7. Mentors often have special relationships with children and youth that allow them to identify problems before other caring adults may be able to. Educate existing mentoring groups such as: Big Brothers Big Sisters, Boys and Girls Club of AmericaCASA, and the YMCA on how to identify and advocate for the children they work with already.
8. Facilitate a civilian victim advocates program (such as the one created by Virginia Beach Justice Initiative) specific to the needs of survivors in your community, whether they are minors or adults, citizens or foreign national victims.

Rescue Additional Resources
Health and Human Services Rescue and Restore Campaign
National Human Trafficking Resource Center

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**These resources correspond with the footnotes found in the Restoration Section of the Community Toolkit.**

aftercare 

1. First Aid Arts uses arts-based interventions to help survivors of trauma begin the process of recovering from experiences like abuse and violence.

Reintegration

2. The Beauty for Ashes Scholarship at Point Loma Nazarene University provides funding for survivors education.
3. By providing access to education, job training, interim financial assistance, mental health, and spiritual support, New Friends New Life helps women and their children overcome backgrounds of abuse, addiction, poverty, and limited opportunities. Two Wings, empowers survivors of sex trafficking to identify and pursue their dream vocation through mentoring programs, life skills classes and career training workshops, creating the path for a life. Alive At Last participants provides benefit from educational and job assistance programs such as test preparation, resume creation, and practice interviews.  The foster connections with business partners in the community to allow women to reenter the workforce in safe settings, and individual business mentoring giving survivors the extra support needed.  
4. Strategic job apprenticeship programs and vocational programs can provide practical, on the job training for survivors. The Homestead is a post-aftercare program that provides job apprentices and other reintegration programs.

Restoration Additional Resources

Hope for Justice
Dream Center
Hope House Florida
Wellspring Living
Restore NYC
The Gray Haven
Crittenton InSight Program

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**These resources correspond with the footnotes found in the Reforms Section of the Community Toolkit.**

legal

1. Understanding the laws regarding human trafficking in your state and community leads to more effective advocacy and reform. Explore Shared Hope State Report Cards for your state and surrounding states.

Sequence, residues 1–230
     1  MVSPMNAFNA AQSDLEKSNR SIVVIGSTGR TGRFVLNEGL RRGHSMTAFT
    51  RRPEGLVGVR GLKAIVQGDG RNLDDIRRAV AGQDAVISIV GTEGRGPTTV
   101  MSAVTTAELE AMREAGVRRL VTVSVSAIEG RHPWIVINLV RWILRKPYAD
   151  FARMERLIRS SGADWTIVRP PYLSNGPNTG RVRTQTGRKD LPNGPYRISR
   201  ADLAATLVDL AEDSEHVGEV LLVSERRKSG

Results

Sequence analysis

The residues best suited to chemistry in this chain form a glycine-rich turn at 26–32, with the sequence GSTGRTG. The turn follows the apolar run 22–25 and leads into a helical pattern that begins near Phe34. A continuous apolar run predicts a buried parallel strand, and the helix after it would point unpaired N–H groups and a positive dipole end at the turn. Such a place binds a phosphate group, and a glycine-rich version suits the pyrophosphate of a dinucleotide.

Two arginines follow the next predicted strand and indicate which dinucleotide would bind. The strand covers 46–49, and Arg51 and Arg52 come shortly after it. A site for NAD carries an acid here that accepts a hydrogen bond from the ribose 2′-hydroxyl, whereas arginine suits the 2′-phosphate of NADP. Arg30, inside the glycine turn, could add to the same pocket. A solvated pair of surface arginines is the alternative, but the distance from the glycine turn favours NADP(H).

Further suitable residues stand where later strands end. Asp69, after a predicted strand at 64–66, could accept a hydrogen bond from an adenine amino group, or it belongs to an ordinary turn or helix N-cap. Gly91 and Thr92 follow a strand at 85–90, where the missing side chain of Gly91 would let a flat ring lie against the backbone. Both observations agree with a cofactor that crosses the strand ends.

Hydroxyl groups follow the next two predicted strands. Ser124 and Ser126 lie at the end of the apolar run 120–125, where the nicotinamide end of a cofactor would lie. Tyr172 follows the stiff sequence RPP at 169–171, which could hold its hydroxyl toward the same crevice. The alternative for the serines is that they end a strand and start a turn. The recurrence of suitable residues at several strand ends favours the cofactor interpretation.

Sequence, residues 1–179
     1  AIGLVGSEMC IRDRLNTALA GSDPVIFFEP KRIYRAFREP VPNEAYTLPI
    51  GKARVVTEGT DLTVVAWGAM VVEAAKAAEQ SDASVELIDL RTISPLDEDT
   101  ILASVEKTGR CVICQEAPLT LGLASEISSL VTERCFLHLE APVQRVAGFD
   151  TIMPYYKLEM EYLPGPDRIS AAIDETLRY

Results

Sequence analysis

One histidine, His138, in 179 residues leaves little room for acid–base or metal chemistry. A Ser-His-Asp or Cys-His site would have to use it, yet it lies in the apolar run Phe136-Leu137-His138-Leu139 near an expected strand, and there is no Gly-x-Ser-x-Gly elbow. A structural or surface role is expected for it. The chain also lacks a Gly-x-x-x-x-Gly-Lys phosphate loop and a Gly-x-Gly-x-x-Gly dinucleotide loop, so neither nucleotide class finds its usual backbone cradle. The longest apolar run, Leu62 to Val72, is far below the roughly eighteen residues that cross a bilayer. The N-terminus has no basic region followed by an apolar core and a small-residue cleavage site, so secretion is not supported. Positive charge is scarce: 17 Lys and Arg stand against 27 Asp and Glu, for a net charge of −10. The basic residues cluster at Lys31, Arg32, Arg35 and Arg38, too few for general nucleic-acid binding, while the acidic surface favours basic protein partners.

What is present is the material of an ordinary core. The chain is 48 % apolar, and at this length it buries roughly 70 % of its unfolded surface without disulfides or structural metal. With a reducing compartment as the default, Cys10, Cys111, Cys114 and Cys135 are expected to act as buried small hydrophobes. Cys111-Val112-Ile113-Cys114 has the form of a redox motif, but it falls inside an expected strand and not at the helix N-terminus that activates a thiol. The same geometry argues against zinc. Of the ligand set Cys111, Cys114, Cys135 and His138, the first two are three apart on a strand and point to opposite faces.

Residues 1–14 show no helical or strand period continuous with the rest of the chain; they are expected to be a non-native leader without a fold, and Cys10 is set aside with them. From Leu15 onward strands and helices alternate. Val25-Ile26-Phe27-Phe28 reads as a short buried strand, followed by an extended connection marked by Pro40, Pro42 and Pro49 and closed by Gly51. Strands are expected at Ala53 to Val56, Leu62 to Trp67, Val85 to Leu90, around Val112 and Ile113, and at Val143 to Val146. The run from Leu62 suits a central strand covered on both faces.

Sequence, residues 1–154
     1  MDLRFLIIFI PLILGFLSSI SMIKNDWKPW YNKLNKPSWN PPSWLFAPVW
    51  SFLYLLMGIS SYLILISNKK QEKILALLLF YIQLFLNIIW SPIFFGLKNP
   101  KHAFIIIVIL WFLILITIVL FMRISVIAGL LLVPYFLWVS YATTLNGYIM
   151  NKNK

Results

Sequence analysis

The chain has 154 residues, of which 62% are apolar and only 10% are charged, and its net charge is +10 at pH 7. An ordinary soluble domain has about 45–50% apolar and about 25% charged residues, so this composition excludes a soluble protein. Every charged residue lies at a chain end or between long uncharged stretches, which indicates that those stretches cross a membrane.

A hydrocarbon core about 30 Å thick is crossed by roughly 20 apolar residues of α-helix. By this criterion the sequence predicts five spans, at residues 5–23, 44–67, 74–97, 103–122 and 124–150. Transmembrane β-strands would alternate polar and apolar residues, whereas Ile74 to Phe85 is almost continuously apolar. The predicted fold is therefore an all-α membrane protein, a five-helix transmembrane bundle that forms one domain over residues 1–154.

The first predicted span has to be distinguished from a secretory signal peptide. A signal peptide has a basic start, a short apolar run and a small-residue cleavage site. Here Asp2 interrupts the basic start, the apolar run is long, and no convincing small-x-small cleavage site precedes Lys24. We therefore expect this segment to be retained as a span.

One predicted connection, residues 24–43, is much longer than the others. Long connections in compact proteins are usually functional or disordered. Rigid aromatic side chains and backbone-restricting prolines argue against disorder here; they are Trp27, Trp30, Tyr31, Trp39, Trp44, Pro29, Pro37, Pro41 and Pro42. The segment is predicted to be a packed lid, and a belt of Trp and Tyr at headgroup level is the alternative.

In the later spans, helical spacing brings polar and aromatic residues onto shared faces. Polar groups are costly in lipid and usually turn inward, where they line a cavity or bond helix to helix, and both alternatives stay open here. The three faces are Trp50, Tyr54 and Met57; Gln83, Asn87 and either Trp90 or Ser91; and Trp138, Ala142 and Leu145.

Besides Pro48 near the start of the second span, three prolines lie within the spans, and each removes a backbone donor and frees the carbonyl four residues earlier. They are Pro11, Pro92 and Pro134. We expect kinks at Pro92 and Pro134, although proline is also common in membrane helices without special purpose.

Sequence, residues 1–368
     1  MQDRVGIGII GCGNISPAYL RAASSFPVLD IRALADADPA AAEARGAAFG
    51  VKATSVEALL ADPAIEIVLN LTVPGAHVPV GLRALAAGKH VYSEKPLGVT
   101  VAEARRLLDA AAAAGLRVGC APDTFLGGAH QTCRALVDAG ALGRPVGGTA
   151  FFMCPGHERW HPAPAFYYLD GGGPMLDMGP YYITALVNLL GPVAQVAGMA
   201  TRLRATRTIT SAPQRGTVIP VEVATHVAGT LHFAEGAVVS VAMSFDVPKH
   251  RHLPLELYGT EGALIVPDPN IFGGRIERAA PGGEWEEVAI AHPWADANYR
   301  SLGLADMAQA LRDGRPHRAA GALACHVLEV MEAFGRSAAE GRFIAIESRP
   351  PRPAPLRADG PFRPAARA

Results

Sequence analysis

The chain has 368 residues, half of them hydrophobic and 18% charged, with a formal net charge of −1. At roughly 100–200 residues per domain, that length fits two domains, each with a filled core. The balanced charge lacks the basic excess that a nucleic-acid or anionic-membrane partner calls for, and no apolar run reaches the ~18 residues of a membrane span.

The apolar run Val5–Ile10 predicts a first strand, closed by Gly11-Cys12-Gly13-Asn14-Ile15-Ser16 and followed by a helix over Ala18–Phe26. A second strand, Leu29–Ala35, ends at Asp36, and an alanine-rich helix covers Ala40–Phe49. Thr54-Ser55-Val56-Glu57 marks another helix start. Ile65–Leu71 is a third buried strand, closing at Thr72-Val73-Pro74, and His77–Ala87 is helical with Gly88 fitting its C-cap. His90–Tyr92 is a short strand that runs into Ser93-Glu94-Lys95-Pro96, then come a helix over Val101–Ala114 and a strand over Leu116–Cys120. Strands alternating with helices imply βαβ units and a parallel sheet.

2. Many federal laws that address human trafficking have local implications, including: reporting, prosecution, and victim advocacy. Polaris Project lists and explains current national laws. 
3. The American Bar Association Human Trafficking Task Force,  Human Trafficking Legal Access Center, and the Human Trafficking Pro Bono Legal Center provide trainings and resources for attorneys. 
4. The National Council of Juvenile and Family Court Judges provides trainings, resources, and research on the issue of human trafficking. 
5. CATCH Court provides an innovative solution to some of the legal challenges faced by human trafficking survivors. 
6. Often, adult trafficking victims are brought to criminal or civil court for other issues before they are properly identified. Partnership between RestoreNYC and local courts has greatly increased the number of victims being identified from within the court system itself.  For minors, the Succeed Through Achievement and Resilience (STAR) Court provides intervention and assistance to youth in need who appear in California Courts on prostitution charges or in other perilous circumstances. 
7. Teen courts are an alternative to juvenile court and allow their case to be heard by a jury of their peers for sentencing.  California has incorporated this youth-focused and youth-driven court through their Peer/Youth Courts

policy

8.  Find your state representative
9. Find your state senator.
10. Discover whether an anti-trafficking advisory group exists for your local or national government leaders, and ask that a representative of your Coalition participate.
11. See how organizations in Atlanta partner together to host an annual Lobby Day to educate state law makes about these issues.
12. The National Criminal Justice Research Service provides an up-to-date list of many government publications related to law enforcement, policy development, and other anti-trafficking government initiatives. Coalitions can add this resource and similar existing lists to their resource library to share with coalition members or share them specifically with sub-groups of law enforcement or policy makers.